The Analytical Center studied how regional executive authorities treat Open Data and came to conclusion that overall they lack a system or established practices in their work.
Most regions of Russia do not show any consistency when publishing open data. Open data can be found on websites of relevant ministries and agencies, and in expert opinion, it reduces accessibility and effectiveness of information. A potential customer is often not aware of what executive body can provide the data of interest, and has to spend time on searching. Several regions (about a half of all) copy data on the federal web portal. The fact that data arrays can be published both on an open data portal and on regional authority websites is a distinctive feature of the Russian approach to building a national open data portal, and it is not a violation of any rules.
The federal web portal is used as the only place for publishing open data by 4 regions only. Those are Arkhangelsk, Kirov, Orel, and Rostov.
There are other problems, too. For example, operation of the federal and regional open data portals are barely in sync, so technically regions publish data in manual mode and expertize of those in charge does not always match their duties.
Only 16 regions synchronize their data with the federal web portal automatically.
There are no evaluations available for actual and estimated demand for open data. Experts believe that this is due to two main reasons. Firstly, not all regions have automatic statistic surveys for user activity (views and downloads of data arrays in the first place). Accordingly, it becomes impossible to monitor the demand and effectiveness of data, thus being a formalistic approach to requirements and recommendations to data transparency and disclosure. Secondly, statistics calculation method for the user activity varies from region to region, which makes such indicators hardly comparable. For example, the number of downloads may or may not include the number of times the open data array was viewed by users.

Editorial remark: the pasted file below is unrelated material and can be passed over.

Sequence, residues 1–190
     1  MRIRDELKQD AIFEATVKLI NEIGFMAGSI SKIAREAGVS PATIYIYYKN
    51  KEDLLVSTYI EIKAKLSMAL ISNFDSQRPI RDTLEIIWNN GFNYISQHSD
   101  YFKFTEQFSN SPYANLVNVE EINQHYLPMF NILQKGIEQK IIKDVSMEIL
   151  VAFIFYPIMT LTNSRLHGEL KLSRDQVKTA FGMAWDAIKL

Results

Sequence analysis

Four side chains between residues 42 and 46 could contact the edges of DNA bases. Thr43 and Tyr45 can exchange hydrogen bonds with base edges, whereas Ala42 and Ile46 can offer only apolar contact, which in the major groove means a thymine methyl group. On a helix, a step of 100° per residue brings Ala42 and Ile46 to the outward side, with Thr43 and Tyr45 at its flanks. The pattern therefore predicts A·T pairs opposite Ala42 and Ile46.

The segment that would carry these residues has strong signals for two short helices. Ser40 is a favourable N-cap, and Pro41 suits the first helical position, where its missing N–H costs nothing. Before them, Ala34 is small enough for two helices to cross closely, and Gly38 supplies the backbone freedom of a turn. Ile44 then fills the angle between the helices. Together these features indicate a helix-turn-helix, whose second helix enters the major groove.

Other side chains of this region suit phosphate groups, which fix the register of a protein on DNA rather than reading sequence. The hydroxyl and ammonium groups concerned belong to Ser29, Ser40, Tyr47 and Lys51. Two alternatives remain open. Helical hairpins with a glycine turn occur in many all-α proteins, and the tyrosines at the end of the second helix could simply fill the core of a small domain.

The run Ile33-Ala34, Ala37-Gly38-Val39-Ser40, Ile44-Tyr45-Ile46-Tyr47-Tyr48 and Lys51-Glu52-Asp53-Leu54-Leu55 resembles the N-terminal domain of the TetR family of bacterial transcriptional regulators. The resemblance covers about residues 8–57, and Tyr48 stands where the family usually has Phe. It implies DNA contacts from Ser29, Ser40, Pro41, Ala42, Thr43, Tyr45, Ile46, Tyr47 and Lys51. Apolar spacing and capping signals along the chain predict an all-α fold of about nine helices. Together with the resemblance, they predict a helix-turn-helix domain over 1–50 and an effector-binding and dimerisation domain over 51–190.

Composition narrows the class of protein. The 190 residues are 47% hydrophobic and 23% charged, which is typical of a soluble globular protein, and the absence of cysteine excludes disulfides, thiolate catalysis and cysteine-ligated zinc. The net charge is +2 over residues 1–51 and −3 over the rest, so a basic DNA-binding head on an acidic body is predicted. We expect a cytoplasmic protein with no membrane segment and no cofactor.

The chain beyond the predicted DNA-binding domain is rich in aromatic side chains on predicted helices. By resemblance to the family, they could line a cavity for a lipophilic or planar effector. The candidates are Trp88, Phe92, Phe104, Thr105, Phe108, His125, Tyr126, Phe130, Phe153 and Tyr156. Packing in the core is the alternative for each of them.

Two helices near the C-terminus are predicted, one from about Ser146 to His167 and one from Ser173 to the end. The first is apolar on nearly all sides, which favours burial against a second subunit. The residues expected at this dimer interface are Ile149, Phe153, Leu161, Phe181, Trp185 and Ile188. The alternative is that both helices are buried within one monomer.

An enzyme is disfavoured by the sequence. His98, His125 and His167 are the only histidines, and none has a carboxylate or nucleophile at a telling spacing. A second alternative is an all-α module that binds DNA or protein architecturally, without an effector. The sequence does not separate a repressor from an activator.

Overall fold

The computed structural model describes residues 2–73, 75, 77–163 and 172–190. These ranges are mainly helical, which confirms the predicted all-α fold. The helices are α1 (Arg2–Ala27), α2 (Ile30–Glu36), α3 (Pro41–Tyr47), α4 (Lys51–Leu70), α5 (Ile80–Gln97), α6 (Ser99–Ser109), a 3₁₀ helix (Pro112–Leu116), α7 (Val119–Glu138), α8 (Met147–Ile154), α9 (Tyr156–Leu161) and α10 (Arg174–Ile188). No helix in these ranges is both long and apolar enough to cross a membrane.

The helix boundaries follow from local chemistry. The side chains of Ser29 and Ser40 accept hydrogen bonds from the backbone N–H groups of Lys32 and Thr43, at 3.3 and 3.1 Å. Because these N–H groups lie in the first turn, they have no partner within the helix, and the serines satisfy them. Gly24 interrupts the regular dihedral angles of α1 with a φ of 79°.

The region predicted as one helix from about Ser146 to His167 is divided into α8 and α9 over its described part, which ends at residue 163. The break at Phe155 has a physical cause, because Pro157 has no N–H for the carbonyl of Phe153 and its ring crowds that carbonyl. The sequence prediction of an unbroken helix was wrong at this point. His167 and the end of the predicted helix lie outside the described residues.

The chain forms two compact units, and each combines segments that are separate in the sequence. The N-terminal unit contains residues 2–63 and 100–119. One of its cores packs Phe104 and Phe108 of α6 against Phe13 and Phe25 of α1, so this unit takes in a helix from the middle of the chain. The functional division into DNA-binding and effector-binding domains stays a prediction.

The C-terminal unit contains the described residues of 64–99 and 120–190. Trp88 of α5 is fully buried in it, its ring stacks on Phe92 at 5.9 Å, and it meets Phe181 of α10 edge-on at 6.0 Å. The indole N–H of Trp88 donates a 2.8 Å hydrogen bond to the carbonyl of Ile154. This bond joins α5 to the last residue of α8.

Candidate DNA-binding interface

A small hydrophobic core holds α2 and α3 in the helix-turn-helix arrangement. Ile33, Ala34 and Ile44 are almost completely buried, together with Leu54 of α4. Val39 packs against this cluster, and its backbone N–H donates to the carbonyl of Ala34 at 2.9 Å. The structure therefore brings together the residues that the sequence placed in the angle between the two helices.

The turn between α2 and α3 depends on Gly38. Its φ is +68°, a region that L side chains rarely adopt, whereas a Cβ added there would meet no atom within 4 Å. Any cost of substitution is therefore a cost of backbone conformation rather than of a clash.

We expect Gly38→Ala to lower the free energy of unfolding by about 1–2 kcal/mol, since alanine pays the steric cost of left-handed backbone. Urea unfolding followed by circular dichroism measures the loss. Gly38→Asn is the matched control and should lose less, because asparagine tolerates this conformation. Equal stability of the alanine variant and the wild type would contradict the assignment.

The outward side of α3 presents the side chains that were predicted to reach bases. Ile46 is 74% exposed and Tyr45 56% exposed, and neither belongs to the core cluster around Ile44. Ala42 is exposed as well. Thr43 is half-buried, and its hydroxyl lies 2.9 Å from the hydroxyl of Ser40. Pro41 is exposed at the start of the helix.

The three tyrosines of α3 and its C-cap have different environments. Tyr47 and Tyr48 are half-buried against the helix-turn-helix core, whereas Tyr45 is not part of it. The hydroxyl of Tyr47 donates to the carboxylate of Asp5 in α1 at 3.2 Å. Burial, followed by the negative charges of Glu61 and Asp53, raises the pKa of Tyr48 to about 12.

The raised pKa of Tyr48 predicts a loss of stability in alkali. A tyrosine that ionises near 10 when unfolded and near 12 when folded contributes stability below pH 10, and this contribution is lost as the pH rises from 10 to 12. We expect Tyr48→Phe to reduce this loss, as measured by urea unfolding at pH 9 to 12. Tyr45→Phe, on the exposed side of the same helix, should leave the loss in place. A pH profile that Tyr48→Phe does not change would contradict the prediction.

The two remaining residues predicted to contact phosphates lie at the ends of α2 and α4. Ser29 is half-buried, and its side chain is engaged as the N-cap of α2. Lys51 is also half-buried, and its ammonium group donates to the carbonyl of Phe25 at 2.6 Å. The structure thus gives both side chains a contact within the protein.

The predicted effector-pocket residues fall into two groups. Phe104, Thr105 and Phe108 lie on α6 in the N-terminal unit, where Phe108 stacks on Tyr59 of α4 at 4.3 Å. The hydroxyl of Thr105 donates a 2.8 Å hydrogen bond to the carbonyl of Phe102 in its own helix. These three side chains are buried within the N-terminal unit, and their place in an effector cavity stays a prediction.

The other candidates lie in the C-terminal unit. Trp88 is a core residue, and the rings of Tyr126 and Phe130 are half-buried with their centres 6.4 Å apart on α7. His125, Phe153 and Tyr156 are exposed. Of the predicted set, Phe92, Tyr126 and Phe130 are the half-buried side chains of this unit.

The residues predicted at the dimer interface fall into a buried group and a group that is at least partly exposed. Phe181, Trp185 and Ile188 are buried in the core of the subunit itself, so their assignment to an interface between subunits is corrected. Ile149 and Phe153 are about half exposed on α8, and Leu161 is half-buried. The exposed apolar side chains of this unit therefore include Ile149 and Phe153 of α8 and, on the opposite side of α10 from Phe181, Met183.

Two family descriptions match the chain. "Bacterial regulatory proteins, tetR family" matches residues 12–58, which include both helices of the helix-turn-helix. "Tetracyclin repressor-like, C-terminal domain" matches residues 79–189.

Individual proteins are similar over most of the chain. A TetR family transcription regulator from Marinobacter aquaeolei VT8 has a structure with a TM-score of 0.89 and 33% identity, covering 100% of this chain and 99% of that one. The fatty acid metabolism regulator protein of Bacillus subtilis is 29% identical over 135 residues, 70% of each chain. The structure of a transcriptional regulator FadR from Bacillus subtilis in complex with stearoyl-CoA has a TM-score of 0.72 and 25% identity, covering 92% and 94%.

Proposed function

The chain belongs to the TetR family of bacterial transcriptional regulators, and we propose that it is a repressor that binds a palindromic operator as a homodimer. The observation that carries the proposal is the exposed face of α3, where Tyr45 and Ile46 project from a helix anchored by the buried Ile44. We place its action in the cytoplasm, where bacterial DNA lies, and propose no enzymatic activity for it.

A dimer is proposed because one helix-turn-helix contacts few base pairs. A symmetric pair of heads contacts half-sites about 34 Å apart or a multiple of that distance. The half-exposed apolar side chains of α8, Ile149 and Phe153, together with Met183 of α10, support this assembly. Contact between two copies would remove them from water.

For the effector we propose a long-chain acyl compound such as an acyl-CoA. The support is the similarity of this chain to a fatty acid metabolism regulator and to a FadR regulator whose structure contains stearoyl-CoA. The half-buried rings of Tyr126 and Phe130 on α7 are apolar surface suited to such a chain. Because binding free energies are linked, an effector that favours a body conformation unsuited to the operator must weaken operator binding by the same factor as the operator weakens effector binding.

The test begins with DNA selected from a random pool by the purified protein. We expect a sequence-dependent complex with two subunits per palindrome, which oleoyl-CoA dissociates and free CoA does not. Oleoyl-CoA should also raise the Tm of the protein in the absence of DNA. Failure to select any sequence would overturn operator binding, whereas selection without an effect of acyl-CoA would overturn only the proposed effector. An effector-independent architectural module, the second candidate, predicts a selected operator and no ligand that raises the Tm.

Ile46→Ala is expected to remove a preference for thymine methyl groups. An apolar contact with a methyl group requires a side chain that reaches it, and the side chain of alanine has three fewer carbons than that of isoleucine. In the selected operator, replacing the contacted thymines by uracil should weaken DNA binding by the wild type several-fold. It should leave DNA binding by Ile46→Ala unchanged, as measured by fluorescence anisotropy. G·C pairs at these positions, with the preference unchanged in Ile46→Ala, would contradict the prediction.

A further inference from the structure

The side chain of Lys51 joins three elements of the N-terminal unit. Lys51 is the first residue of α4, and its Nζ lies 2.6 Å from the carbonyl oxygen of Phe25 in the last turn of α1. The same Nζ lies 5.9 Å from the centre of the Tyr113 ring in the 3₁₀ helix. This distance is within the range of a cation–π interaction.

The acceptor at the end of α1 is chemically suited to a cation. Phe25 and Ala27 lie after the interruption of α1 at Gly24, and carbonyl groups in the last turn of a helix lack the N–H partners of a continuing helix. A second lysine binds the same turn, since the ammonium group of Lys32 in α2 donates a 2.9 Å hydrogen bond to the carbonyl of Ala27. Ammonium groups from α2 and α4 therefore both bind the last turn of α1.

Most often open data are accessed by users in Moscow (64.5 million), Tula (1.8 million), and Tomsk (792,000) regions.
Where there is active open data policy work, the most popular are arrays and applications designed to meet everyday household need of the people.
Most popular (both in terms of the number of views and downloads) are data arrays about the State. Those are followed by Education, Economics, Environment, and Health.
However, in most cases data disclosure does not take into account the needs of potential users, and this situation does not contribute to the potential improvement of the quality of life.
Experts believe that regional authorities must optimize their methods of treating open data, paying more attention to performance evaluation and HR policies, and remembering the role education plays.